Days 365+120 Lent medical filesMy Lent 2016 resolve was twofold:

  • Paper Reduction. Starting with my desk and including my “desk extensions” (3 file cabinets and the Ping Pong table), my goal was to reduce the paper. The connection to my spiritual life was that I figured clearing the extraneous paper that crowded my life would make me more productive and help me focus on what was really important.
  • Listening Better, i.e Speech Reduction. Since paper reduction didn’t seem quite spiritual enough, I added a resolve to focus on being more mindful of the sacredness of people I interact with each day. This meant listening to others more closely rather than what I had to say. Spiritually, I continue to struggle with pride and self-importance. I figured that focusing on the other would move me toward humility.

How did I do? Although I made some progress, it was not nearly what I had planned – unless you consider not meeting my goals a movement toward humility. 😕 As with any conscious effort to grow, however, I did learn some things.

1.  To avoid endless procrastination, choose a:

  • Doable task – Breaking a goal into small steps is better than aiming to eliminate world hunger. Make it something you can measure and succeed at. Reducing ALL my extraneous papers including my file cabinets was too big to do in six weeks. Even limiting it to my desk was ambitious, but doable.
  • Date to start – Pick a time that you have a reasonable chance of being able to start. Sure, life might interfere with an unexpected crisis that changes your schedule, but choose a date that has a good chance of being available – as we say in Kentucky, “God willin’ and the crick don’t rise.” Ash Wednesday made sense to start a Lenten project; but it was undoable since I was out of town.
  • Length of time – If you know you only want to spend 30 minutes, 1 hour, or half a day doing a project pick something that can reasonably be done within that time. Of course you can always extend the time if you’re on a roll and don’t have another commitment looming, but making the task too open-ended can keep you from starting. On days I only had an hour, I picked small “mini drawers” to review. I saved the monster file drawer for an open Saturday.
  • Don’t let the perfect be the enemy of the good. Yes, it would be best to pick a doable task, a start date, and an acceptable length of time, but sometimes life isn’t that neat. Eventually, I decided to just start because if I waited for the perfect time and task, I would lose another week. I decided on one small drawer and 15 minutes. It motivated me to go on – later.

2. Start With Empty. Although it can be daunting, it ended up being more efficient to empty a whole drawer or closet and put back only those things I wanted to keep. Not only did it give me the opportunity to clean the space, but I found hidden items tucked away in corners. Most important, I had to make a conscious decision about each thing I decided to return to the space.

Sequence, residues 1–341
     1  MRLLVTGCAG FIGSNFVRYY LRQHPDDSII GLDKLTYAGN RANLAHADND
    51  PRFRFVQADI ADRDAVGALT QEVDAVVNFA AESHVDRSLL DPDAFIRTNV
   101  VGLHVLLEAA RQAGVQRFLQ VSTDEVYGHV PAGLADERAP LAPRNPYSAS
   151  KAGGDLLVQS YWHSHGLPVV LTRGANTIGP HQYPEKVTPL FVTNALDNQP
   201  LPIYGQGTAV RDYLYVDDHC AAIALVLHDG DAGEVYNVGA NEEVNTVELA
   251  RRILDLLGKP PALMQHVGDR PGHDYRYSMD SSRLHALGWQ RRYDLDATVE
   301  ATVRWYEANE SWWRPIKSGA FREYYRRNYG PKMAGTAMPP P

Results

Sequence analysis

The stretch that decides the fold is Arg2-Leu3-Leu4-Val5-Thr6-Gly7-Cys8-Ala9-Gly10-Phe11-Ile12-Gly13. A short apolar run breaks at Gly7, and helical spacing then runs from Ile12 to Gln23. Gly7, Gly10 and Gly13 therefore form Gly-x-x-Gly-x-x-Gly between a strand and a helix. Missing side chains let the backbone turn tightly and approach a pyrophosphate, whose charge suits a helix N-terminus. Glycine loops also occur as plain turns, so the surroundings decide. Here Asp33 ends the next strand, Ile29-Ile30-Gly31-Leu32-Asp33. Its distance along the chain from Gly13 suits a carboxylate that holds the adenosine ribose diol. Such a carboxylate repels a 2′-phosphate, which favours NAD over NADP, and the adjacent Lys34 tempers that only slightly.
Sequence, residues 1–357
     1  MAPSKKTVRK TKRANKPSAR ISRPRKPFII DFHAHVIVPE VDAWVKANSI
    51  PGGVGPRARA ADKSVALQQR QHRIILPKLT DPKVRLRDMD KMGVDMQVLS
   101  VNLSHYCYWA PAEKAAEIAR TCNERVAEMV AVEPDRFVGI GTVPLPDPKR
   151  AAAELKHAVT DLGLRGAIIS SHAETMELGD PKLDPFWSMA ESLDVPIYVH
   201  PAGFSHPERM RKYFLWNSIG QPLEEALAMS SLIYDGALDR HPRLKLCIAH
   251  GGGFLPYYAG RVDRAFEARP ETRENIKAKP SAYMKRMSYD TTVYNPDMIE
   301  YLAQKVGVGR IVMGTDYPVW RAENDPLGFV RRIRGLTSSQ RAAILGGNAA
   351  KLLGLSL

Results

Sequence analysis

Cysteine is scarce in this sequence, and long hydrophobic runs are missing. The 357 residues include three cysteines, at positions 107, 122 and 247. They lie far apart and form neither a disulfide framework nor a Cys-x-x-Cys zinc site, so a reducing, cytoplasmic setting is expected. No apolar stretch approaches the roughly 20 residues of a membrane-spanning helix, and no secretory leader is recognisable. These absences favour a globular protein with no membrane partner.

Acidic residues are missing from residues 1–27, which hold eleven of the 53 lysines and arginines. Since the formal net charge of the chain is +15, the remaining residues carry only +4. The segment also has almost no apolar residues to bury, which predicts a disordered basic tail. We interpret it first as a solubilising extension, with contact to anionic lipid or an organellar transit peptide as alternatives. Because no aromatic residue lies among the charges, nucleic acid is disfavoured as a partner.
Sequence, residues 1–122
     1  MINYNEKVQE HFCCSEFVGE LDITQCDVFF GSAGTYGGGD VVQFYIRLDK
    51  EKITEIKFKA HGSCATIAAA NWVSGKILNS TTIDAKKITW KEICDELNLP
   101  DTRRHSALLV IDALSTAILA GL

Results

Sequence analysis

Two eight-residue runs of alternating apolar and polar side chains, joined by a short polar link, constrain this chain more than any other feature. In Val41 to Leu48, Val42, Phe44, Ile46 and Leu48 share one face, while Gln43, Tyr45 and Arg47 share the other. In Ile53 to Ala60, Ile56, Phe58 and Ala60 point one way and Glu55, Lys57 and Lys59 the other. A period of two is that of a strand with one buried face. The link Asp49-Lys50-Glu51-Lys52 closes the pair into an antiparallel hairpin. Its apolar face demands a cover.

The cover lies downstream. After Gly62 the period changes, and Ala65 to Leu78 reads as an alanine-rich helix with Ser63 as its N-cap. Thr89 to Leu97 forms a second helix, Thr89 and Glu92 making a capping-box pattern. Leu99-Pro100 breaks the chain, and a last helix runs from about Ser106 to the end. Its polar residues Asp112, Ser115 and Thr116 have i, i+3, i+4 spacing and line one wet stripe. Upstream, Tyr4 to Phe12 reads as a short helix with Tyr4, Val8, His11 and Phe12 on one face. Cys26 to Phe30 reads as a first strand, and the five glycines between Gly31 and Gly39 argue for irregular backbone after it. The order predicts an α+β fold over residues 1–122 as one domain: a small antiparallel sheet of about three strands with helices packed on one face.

3. Sorting Paper Can Be a Spiritual Experience. Going through my old papers became an exercise in deciding what was trivial and passing from what was important and enduring. It was like a mini life review. I noticed people on my Rolodex who had died, businesses that had closed, people who had moved. I noticed that somethings I once thought were important to save were now obsolete or I could get the information online – like old computer manuals and directories. I wonder what things I think are very important to do today, may change as my life circumstances change. See Cleaning My Desk 1  and Dancing & Desk Cleaning 3.  Other papers were sentimental but there was not a need to keep them. I just needed time to be emotionally ready to let them go.

4. Let Go of Guilt. Guilt can be motivating, but often it just blocks energy needed to act. Rather than wallow in guilt about not being able to start on Ash Wednesday, I started a week late. Rather than beat myself up for not doing this summary on Easter, I’m two weeks late. Rather than give up, I’m still blogging. It’s OK. I’m learning to prioritize the important tasks from the less important ones. It also may be a sign that not only is it necessary to let go of guilt but also to let go of some things on my “To Do” list. Sorting the less important from the essential is a life skill that goes beyond paper reduction.

Days 365+117 ear5. Listening Takes Repetition. I like to think of myself as a good listener. After all I’m a trained counselor. Still, it’s hard to put aside my own agenda and really be present to another human. But, I had a plan. Each morning I would review the people I would likely see that day. Since our kids are sprung and I work at home, this was a small number. Some days I don’t even need to go out of the house so I included phone calls. I also included clerks at stores or a restaurant I might be at. I intended to look at each person mindfully and listen fully to what they said, even if it was just, “Have a good day.” Time after time, I would leave a store or a meeting and realize I had forgotten. Unfortunately I received a physical prompt when I got “airplane ear” after a trip (see Listen Up) Perhaps my difficulty hearing people could be a reminder to listen more closely. It helped but changing a habit takes a lot of repetition. With each day’s renewed resolve fewer opportunities slipped by, but it’s a slow learning curve.

6. Always Have Something To Do While on Hold. I am often on the phone with service personnel trying to figure out bills, internet glitches, etc. I’m also aware that as helpful as the internet can be to modern life, things like social media and promotional emails can be time hogs. No matter how lovely the music, rather than listening to it while I’m waiting for the support person to get back to me, I’ve found it more useful to spend that time checking websites that I don’t normally take the time to read.